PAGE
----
July 19, 2012 ▪ Interviewed by Viktor Kaspruk
Professor of international security studies at the United States Military Academy Kori Schake told The Ukrainian Week about the shifts in U.S. foreign policy under President Barack Obama
U.W. Professor Schake, has the United States’ new National Security Strategy shown results?
President Obama has done what he campaigned on: ending the war in Iraq, re-emphasizing the war in Afghanistan, talking to hostile regimes in Iran, Syria and North Korea, and attempting to reset the relationship with Russia. The problem is that he wrongly believed that ending the wars rather than winning them would meet our needs, and that the constraint on our relationships with Iran, Syria and Russia was American policies rather than the attitudes and choices of those regimes.
U.W. Does direct and sustained presidential engagement help ensure successful policy development, implementation, and outcomes?
Yes, that’s true. To his credit, President Obama has paid sustained attention to counter-terrorism policies and continued most of the policies of the Bush Administration in those areas. On alliance relations, I think America’s friends are less satisfied with the President’s level of engagement.
U.W. Although Obama has abandoned the language of the “global war on terror”, he still maintains that the United States is at war with “a far-reaching network of violence and terror”…
I think that’s right. I take it as a measure of just how dangerous America’s enemies are that a president who campaigned on ending most of the counter-terrorism policies of his predecessor has continued and even accelerated most of them.
U.W. Can concentrating efforts in Asia reduce the possibility of China dictating conditions in the region?
I don’t think China is in a position to dictate conditions in the region, nor will the United States under any president allow them to. In fact, what I think we’ve seen in the past two years is the Chinese behaving aggressively in Asia to such an extent that it has reinforced America’s close relationships with nearly every country in the region.
U.W. Now the USA’s basic attention is concentrated on Asia, while Europe is more in the background. Has this strategy justified itself?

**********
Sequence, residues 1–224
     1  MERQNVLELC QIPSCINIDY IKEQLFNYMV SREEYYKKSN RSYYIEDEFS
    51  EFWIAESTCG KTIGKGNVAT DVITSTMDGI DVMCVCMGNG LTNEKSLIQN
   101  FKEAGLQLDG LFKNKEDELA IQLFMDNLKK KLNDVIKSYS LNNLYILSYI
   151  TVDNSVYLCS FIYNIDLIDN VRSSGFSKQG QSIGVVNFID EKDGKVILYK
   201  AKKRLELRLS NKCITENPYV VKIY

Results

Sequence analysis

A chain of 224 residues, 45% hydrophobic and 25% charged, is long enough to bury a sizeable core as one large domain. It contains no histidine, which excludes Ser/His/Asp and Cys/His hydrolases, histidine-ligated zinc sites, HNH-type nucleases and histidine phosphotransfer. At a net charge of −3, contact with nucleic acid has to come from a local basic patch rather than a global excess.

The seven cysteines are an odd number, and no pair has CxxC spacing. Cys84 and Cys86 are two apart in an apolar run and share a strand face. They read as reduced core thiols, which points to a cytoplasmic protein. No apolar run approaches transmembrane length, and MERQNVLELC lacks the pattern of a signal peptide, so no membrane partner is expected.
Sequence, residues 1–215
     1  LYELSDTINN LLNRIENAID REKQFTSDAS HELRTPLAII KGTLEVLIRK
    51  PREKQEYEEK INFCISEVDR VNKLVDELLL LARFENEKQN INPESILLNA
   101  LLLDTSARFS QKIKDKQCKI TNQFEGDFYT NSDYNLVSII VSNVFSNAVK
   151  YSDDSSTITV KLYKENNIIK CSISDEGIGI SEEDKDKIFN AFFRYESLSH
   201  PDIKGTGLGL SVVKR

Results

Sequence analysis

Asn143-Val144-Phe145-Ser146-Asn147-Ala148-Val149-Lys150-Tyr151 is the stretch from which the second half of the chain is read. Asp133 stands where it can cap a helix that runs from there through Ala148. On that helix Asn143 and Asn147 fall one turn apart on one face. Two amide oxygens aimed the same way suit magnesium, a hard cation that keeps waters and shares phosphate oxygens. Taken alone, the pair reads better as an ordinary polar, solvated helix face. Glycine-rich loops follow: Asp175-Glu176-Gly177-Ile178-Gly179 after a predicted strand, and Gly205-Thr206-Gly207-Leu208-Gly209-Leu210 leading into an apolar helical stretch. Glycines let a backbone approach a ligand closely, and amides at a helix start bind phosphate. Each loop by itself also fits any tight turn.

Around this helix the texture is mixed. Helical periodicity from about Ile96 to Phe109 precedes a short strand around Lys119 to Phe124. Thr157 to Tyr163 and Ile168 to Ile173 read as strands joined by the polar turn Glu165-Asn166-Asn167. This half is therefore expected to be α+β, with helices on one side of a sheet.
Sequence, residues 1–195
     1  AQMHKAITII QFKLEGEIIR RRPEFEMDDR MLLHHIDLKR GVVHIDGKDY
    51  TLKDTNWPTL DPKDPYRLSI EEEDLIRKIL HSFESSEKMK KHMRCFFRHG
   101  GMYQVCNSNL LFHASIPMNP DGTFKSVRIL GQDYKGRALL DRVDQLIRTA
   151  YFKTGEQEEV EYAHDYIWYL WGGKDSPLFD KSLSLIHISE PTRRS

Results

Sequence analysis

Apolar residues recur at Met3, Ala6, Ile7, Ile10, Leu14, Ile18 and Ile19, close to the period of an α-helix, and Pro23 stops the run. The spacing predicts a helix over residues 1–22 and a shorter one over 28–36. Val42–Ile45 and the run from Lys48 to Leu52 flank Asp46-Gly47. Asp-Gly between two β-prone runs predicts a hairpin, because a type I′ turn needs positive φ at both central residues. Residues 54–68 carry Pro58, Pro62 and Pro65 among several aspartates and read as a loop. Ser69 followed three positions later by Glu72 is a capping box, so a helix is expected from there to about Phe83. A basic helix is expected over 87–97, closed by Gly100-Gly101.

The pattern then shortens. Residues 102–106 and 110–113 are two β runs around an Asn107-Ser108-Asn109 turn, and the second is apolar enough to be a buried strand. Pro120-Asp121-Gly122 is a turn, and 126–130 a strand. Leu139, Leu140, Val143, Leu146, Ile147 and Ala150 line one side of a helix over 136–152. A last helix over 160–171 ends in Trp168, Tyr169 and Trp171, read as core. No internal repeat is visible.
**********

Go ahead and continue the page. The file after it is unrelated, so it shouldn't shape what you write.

I think the Administration is vastly over-selling its “pivot to Asia.” Our allies in Asia want close relationships with us, and much of our economic activity and dynamism is focused in Asia just now, so that does justify more activity in Asia. But that does not necessitate denigrating our involvement with Europe. It didn’t during the Korean War, it didn’t during the Vietnam War, and it won’t as we all work to manage a rising China and a rising India and a rising Vietnam and other emerging countries in Asia. Europe remains home to America’s closest allies and the main contributors to solving the problems we are worried about. By talking about a “pivot to Asia” the Administration created a problem for itself with the perception of diminishing Europe.
U.W. Will this reduce America’s influence in Europe?
I’m pretty confident that America’s influence in Europe will remain strong, for the reasons I just mentioned: our closest friends are there, these are the countries we turn to for help when we need to solve problems, and the countries we care most about being safe and prosperous.
U.W. What is the administration’s strategy on Eastern Europe and Ukraine?
The way the Obama Administration has handled the “reset” of relations with Russia has given the impression of diminished interest in the security of eastern Europe, but I do think that’s a mistaken impression. Ambassador McFaul in Moscow is, I think, the best source for understanding Obama Administration policies, and he’s been very straightforward that while we will work for better relations with Russia, we won’t purchase them at the cost of the interests of our allies and friends.
Kori Schake is a research fellow at the Hoover Institution and an associate professor of international security studies at the United States Military Academy.
During the 2008 presidential election, she was senior policy adviser to the McCain-Palin campaign, responsible for policy development and outreach in foreign and defence policies.
From 2007 to 2008 she was the deputy director for policy planning in the State Department. In addition to staff management, she worked on resourcing and organizational effectiveness issues, including a study of what it would take to “transform” the State Department to enable integrated political, economic, and military strategies.
During President Bush’s first term, she was the director for Defence Strategy and Requirements on the National Security Council. She was responsible for interagency coordination for long-term defence planning and coalition maintenance issues. Projects Schake contributed to include conceptualizing and budgeting for continued transformation of defence practices and the most significant realignment of US military forces and bases around the world since 1950.
Her publications include State of Disrepair: Fixing the Culture and Practices of the State Department (Hoover Institution Press, 2012), Managing American Hegemony: Essays on Power in a Time of Dominance (Hoover Institution Press, 2009), “Choices for the Quadrennial Defense Review” (Orbis, 2009), “Dealing with a Nuclear Iran” (Policy Review, 2007), “Jurassic Pork” (New York Times, 2006). She coauthored “How America Should Lead” (Policy Review, 2002), and coedited The Berlin Wall Crisis: Perspectives on Cold War Alliances (2002), and “Building a European Defense Capaibility” (Survival, 1999).
From 1990 to 1996, she worked in Pentagon staff jobs, first in the Joint Staff’s Strategy and Policy Directorate (J-5) and then in the Office of the Secretary of Defense.